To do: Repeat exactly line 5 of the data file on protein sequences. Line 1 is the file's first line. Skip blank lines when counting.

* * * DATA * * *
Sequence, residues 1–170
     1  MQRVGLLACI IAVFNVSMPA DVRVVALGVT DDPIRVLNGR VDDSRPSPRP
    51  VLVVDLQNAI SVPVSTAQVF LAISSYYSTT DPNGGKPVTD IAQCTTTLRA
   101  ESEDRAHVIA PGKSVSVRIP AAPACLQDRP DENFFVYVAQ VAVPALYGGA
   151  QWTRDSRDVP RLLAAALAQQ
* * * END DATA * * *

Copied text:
   151  QWTRDSRDVP RLLAAALAQQ